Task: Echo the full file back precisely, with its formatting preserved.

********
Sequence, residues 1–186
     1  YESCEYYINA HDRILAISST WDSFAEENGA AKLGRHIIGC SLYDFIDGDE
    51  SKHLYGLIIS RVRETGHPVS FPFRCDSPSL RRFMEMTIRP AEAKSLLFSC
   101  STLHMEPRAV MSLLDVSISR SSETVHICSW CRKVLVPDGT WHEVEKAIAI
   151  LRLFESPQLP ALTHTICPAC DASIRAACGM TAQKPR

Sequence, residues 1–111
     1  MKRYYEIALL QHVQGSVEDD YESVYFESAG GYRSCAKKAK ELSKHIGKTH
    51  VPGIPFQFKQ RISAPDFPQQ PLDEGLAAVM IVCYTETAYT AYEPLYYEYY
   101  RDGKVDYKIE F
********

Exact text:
Sequence, residues 1–186
     1  YESCEYYINA HDRILAISST WDSFAEENGA AKLGRHIIGC SLYDFIDGDE
    51  SKHLYGLIIS RVRETGHPVS FPFRCDSPSL RRFMEMTIRP AEAKSLLFSC
   101  STLHMEPRAV MSLLDVSISR SSETVHICSW CRKVLVPDGT WHEVEKAIAI
   151  LRLFESPQLP ALTHTICPAC DASIRAACGM TAQKPR

Sequence, residues 1–111
     1  MKRYYEIALL QHVQGSVEDD YESVYFESAG GYRSCAKKAK ELSKHIGKTH
    51  VPGIPFQFKQ RISAPDFPQQ PLDEGLAAVM IVCYTETAYT AYEPLYYEYY
   101  RDGKVDYKIE F